Montclair State University (UNITED STATES)
About this paper:
Appears in: ICERI2010 Proceedings
Publication year: 2010
Pages: 6160-6164
ISBN: 978-84-614-2439-9
ISSN: 2340-1095
Conference name: 3rd International Conference of Education, Research and Innovation
Dates: 15-17 November, 2010
Location: Madrid, Spain
Globalization has changed the circumstances of graphic design. In the past, emphasis on the techniques of visual production was adequate, but in a culturally diverse and highly interconnected world such as ours, there is doubt as to whether traditional coursework can live up to the promise of a liberal arts education; whether it is enough to inspire and sustain lifelong learning among undergraduates, and whether it can adequately address the complex needs of the society it is meant to serve. Graphic design practitioners today must be generalists who are capable of crafting and arranging information in an intelligible manner; individuals who can make sense of complexity.

Graphic design educators must put as much emphasis on expressing and enforcing the methods by which relevant visual communication is made as they do on visual styles and modalities. This paradigm shift is not easy to achieve in a sphere comprised of undergraduates who exhibit a range of literacies and whose previous learning merely highlights the vocational aspects of the field. Many high schools now offer courses in graphic design that stress production through the use of page layout and imaging software but there is little critical discussion about projects, little effort to instill the various stages of the design process in the minds of students.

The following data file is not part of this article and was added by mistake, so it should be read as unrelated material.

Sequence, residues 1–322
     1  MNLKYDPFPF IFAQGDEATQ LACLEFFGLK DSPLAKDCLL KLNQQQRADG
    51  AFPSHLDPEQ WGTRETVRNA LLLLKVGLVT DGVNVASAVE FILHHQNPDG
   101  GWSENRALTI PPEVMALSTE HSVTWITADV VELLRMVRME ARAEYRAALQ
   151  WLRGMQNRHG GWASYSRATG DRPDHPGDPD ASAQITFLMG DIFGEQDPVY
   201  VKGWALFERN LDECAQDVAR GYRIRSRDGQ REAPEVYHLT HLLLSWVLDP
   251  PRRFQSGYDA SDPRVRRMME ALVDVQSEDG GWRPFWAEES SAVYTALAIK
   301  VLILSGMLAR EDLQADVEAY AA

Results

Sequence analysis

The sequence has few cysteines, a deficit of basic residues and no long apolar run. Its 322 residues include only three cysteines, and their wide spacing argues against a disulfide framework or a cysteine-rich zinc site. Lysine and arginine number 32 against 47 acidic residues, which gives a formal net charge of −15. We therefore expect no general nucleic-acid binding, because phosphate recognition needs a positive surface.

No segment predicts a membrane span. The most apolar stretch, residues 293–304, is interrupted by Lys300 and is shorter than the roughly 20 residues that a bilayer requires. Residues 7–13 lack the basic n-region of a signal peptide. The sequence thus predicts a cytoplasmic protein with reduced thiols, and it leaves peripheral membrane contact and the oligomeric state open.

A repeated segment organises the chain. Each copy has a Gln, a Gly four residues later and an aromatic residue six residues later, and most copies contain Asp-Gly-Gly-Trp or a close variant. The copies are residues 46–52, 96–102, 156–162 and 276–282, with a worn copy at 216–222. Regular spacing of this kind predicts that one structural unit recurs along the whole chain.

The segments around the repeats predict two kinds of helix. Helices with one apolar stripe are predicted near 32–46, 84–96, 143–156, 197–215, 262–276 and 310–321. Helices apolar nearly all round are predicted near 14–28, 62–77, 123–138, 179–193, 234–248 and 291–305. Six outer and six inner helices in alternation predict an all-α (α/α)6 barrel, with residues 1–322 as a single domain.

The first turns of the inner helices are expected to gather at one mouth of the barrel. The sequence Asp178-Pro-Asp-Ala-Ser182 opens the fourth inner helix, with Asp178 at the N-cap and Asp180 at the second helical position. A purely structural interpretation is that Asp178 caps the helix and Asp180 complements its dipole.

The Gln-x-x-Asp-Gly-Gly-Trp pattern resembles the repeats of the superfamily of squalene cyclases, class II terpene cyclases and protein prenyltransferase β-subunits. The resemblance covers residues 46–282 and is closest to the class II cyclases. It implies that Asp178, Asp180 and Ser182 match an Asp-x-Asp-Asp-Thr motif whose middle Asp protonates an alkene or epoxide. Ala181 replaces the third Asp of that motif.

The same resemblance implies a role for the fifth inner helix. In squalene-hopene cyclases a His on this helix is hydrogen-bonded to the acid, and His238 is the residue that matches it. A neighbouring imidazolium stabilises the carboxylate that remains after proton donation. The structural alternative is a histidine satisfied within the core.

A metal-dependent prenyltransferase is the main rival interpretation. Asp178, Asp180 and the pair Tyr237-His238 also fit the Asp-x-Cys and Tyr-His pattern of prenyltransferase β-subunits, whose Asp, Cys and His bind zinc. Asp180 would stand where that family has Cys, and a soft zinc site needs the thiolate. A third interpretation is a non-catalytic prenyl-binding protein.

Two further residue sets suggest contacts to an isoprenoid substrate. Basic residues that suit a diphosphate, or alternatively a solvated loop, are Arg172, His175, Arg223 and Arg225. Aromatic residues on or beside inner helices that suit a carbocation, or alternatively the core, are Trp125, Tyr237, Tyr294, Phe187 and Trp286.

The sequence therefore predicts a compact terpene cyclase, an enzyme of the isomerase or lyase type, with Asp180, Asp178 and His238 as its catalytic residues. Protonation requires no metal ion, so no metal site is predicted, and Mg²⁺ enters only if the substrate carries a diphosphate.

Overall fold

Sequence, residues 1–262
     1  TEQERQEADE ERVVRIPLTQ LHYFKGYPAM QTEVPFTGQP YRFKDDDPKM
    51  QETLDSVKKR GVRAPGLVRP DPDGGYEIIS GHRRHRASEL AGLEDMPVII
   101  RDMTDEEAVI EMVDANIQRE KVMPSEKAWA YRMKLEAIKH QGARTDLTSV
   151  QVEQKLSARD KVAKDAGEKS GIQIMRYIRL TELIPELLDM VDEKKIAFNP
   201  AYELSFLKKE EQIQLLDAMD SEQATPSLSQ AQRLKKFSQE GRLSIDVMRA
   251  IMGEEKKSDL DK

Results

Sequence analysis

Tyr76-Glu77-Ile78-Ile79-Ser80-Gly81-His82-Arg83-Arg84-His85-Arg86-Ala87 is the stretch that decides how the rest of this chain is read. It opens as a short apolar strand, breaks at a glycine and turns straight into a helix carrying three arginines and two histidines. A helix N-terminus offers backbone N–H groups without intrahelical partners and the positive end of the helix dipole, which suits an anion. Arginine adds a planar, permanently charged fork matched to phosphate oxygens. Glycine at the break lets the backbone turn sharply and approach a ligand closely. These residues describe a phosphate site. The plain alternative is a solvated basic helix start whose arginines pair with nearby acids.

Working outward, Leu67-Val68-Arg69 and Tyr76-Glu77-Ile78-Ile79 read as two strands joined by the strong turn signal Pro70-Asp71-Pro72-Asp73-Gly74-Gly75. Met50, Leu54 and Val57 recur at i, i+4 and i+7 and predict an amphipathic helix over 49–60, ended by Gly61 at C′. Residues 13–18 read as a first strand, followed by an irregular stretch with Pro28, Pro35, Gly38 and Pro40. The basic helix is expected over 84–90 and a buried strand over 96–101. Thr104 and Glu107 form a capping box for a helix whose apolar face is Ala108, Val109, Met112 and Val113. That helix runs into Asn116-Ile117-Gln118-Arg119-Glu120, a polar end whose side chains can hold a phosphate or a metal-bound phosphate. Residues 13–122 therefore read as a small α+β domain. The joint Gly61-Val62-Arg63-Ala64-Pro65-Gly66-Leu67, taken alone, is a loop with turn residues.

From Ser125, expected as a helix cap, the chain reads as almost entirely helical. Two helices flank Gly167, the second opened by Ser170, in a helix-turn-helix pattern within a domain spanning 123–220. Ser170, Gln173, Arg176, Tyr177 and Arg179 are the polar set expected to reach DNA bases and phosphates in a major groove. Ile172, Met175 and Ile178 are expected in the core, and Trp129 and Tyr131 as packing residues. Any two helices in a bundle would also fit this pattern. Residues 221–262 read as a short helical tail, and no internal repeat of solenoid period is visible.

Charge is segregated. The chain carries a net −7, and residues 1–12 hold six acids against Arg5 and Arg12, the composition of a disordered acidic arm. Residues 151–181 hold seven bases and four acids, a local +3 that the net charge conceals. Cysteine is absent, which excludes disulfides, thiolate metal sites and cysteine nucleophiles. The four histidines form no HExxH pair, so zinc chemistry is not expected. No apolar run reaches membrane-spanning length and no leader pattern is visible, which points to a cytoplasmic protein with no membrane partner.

Many undergraduates settle on graphic design because it is a means to a diploma and to a set of skills presumed to lead to a career. Although this parochial perspective is unsustainable, it is, unfortunately, still cultivated by educators and administrators in both public and private institutions to the detriment of learning and personal growth.

The goal of an undergraduate education in graphic design is not solely to ensure employment in the field because the state of the economy and the sheer amount of graduates from a variety of competing programs will guarantee an excess of recruits. An education in graphic design is, first and foremost, a lens through which students learn to think about, experience, and express their learning. This outlook is for the benefit of those students who will, either by choice or circumstance, abandon graphic design upon graduation. The onus falls upon educators to expand their methods of teaching by crafting graphic design projects that encourage students to collaborate and provide opportunities for them to pursue the things to which they have an affinity, projects that compel them to apply what they learn from subjects other than graphic design.

As a professor who teaches beginning and advanced typography courses in a liberal arts university, I began to wonder what else, apart from the mechanics of typesetting, typography history and its associated nomenclature, students could learn from my instruction. In this presentation, I will describe the research methods employed by my Typography II students in order to complete an intricate, collaborative project. I will also describe how the amendments I have made to my teaching have encouraged my students to adopt an interdisciplinary “research first” approach that supplies them with new knowledge, new perspectives, and gives them a greater sense of graphic design as both a humanistic undertaking and profession. I will describe the problems we encountered and the breakthroughs we achieved in terms of craft, concept development, shared effort, and the expanding role of the designer.
Graphic Design Education, Pedagogy, Design Pedagogy, Research Methods, Graphic Design Research Methods.